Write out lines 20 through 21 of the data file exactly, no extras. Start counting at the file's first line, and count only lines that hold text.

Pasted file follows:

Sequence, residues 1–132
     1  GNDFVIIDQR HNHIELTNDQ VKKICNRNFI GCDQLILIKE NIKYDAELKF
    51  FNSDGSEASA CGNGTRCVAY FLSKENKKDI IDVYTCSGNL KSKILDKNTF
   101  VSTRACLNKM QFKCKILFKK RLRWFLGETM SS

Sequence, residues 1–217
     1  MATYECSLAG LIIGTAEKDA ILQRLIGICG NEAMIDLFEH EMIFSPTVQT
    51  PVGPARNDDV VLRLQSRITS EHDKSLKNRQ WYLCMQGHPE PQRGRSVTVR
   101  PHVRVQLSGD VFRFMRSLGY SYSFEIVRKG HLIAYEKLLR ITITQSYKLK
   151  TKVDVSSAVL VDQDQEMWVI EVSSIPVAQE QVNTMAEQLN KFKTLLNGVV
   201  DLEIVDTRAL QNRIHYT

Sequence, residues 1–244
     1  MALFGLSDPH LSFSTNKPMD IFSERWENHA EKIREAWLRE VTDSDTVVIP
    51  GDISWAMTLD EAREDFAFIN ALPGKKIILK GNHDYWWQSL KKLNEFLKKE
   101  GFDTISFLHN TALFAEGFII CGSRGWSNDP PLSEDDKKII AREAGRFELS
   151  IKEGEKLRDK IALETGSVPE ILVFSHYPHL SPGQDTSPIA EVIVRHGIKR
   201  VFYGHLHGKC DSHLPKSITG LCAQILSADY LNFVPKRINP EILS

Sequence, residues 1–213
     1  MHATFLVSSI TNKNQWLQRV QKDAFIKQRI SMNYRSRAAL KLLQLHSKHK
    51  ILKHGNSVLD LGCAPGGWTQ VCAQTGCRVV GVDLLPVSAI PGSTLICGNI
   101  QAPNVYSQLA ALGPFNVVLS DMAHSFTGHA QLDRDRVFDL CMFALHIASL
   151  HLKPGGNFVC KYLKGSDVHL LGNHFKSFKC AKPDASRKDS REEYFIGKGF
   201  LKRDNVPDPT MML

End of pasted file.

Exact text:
   101  QAPNVYSQLA ALGPFNVVLS DMAHSFTGHA QLDRDRVFDL CMFALHIASL
   151  HLKPGGNFVC KYLKGSDVHL LGNHFKSFKC AKPDASRKDS REEYFIGKGF